Glad to hear I'm not the only Mexican-American who knows the Spanish language, but speaks in English. If you don't have the opportunity to speak Spanish on a daily basis, you tend to forget a lot of things. I'm not alone, right?
Pamela Carvajal Drapala (firstname.lastname@example.org) -
Glass Houses is a creative and delightful site. I too feel, I've peeked back into my past. It is a wonderful gift on my Mother's Day 2001. Thank you for letting me know I'm not alone. : ) Pamela Carvajal Drapala
Mark Gonzalez (email@example.com) -
It's almost 5 de mayo 2001 and while most Americans think it's our Day of Independence it has in fact become OUR DAY. Sure it's now all about party and mexican food and fiesta. But at least it opens people's minds. Your house is another way that we can open people's minds. Thank you for educating others about what it means to be a "Latino" living in the U.S. I say "Latino" because that's a way that we can all leave behind our nationalism and join forces for the future. I'm also Mexican but I know that by saying Latino I open the door to others like me, who share a similar culture and language eventhough we come from different countries. The good news is that things are getting better but the future also depends on your kids and whether or not they embrace who they are or shy away from it. And it's not just about speaking Spanish, it's about adding a Latino flavor into the American way of life. After all, what is American but a mixture of us all.
Rita Sosa -
It is a very good and nice story of her life living in Mexico
and then moving to the United States as a young girl .
Well I was born in California ,both of my parents are Mexicans my mom came to the United States when she was 13 years old since that age she has been working all her life to give us what we need and I thank her for that.
She suffered a lot because she did not know anybody here and she was harrased and insulted for being mexican
but she did not pay attention to anything, after 30 years of
living here she is now a resident . I just wanted to say that
I really liked this story .
Devin Elizondo (firstname.lastname@example.org) -
Thank you, for sharing your life experiences. I too as a Mexican-American have these fears and similar history, although my parents probably share a closer immigrant and era specific perspective, I understand and identify with your struggle. It makes me happy to see your family, because it reminds me of mine and the stories that are shared, at Christmas time, from behind plates full of piping hot tamales!!
Senior @UCLA studying History and Education
Laura Garcia Vasquez (email@example.com) -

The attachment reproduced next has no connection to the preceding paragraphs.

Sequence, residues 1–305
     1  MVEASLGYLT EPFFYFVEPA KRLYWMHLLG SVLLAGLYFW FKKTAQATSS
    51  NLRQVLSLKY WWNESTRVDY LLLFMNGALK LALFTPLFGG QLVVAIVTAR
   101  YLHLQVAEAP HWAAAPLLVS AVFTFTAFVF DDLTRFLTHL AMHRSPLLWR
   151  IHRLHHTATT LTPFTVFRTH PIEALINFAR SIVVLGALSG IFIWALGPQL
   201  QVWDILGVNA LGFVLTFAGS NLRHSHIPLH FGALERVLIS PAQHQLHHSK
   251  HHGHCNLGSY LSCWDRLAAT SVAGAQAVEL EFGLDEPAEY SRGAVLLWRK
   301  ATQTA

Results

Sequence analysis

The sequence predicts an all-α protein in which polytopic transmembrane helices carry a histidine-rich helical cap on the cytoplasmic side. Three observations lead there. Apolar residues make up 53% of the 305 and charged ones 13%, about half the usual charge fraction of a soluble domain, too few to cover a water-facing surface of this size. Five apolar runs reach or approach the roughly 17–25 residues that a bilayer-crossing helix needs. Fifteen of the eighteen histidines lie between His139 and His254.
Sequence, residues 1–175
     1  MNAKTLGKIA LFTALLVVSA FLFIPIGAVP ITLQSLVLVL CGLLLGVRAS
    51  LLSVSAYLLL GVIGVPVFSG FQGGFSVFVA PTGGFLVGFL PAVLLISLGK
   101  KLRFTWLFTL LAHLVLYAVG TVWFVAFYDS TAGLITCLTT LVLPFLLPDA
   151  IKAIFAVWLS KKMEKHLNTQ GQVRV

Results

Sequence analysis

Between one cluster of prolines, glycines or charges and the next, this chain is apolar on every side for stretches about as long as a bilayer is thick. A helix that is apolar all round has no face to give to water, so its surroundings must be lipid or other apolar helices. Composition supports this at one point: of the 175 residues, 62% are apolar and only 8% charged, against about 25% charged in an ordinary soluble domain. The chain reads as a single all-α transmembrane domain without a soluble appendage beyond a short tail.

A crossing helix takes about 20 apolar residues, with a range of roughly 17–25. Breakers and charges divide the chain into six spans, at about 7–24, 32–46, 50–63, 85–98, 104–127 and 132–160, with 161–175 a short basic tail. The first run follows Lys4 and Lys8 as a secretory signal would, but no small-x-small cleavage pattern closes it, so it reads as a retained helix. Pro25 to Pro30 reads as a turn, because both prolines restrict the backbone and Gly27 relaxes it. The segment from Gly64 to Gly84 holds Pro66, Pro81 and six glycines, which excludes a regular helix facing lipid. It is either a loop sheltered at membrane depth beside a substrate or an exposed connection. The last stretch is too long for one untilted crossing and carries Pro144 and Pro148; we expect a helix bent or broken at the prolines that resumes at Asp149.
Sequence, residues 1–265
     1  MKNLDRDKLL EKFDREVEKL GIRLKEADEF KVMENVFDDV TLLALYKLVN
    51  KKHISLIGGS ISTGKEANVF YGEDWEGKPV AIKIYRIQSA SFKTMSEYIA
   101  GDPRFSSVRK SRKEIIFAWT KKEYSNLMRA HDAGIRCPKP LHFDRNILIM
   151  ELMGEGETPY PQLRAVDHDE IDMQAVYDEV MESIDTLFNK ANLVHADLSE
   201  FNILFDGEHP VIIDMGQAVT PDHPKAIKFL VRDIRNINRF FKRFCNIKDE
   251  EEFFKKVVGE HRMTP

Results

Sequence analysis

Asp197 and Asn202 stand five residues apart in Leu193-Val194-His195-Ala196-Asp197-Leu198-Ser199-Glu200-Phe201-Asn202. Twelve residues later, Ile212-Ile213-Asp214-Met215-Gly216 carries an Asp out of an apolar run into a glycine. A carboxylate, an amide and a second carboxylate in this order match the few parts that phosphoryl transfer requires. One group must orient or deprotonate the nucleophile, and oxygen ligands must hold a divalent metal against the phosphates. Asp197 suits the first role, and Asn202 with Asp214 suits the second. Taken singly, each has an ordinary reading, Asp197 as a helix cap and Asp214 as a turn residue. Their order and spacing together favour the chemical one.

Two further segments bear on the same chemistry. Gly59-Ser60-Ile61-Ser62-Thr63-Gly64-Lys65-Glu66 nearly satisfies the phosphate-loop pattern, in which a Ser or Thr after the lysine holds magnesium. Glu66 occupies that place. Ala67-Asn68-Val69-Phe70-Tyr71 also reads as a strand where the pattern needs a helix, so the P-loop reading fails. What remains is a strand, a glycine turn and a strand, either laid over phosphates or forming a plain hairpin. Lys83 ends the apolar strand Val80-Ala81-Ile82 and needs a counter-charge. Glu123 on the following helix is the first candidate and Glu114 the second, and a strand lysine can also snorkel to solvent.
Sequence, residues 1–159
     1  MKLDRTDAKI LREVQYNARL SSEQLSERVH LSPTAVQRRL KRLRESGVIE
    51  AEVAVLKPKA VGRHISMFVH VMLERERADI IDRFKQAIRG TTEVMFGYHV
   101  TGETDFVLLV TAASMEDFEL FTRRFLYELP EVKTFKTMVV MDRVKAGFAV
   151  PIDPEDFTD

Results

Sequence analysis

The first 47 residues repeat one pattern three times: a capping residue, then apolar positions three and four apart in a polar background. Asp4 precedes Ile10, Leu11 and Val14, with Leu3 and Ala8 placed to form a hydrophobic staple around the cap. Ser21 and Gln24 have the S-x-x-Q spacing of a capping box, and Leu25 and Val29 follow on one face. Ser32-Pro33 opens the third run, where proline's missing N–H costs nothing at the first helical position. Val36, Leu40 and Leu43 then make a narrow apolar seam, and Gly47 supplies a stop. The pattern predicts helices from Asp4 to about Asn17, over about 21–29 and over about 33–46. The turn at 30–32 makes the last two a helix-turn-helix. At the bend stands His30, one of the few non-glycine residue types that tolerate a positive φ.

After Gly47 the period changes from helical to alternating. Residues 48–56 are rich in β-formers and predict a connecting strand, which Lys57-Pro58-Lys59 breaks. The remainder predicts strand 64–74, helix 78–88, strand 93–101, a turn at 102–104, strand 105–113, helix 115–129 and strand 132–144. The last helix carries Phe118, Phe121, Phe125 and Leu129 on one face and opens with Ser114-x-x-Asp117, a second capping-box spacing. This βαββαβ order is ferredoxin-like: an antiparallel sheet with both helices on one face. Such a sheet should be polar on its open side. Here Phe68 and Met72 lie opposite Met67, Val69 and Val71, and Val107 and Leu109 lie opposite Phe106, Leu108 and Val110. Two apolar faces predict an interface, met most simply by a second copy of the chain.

I loved your web site and thought it was very true in every aspect of the house....I can identify with parts of your story...but I saw more of my mothers life in your house...she came from a large family of 11 kids all born in San Antonio,Tx, but her parents (my grandparents) were both born in Mexico...my mother lost her mom at the age of 12 yr old, her mom was only 39 yrs old and had given birth to 11 kids, the youngest being only 3 months old at the time of her death...despite their loss, each of the 11 kids finished high school, which of course, was considered an accomplishment in the 1950's...my grandfather remained a single parent, having raised his children with the help of his kids and close relatives....my mom has special and unique bondness with each of her siblings and they all remain close to one another....my father had a poorer childhood...he came from a very dysfunctional family with 8 kids, all boys.....his father was an alcoholic and abused his wife and kids.....but my dad was a fighter and was deteremined to make a life outside his poverty childhood...he strife to give his children (my brother & I)all the things he didnt have as a child...we always had a roof over our heads, food in our bellies, and toys to play with...we lived the all american middle class lifstyle...but if is my father who never let me forget who I am.....when I was asked, "what are You", I used to answer Mexican, but Daddy would correct me to say, "Mexican-American"...I never learned Spanish, but I grew up listening to Mexican music...My mother didnt want me to suffer the discrimination that she had going to school....being forced to speak only English and being punished in school...I didnt have the native tongue, but I had the native heart....I have always been proud of my heritage....yet, my kids too dont speak Spanish, but are still being taught the valueable lessons I learned from my parents....to love, honor, and respect each other, and to always remain faithful to what you believe in.....I really admire people like yourself, who have taken the time to preserve your family heritage....Thank you for sharing your house with me....Sincerely, Laura Garcia Vasquez
Nick Hill (firstname.lastname@example.org) -
You made "Pasen, esta es su casa" into something new. If the house represents the self, as psychologists have said and you have shown, then it should be clear that your openness and generosity are only exceeded by your creativity. I teach Latin American literature at Fairfield University and hope to bring some students to your house soon so they can meet you all.
Amina Ali (email@example.com) -
Hi. My name is Amina and I am of Puerto Rican and Syrian descent.Being light-skinned and born in the USA I identified a lot with the Glass House. I live in New York City and I am a poet and writer. I am interested in any websites, e-zines or print zines by latinas or bi-racial or multi-racial women.Please leave info @ my e-mail "firstname.lastname@example.org." Thanks.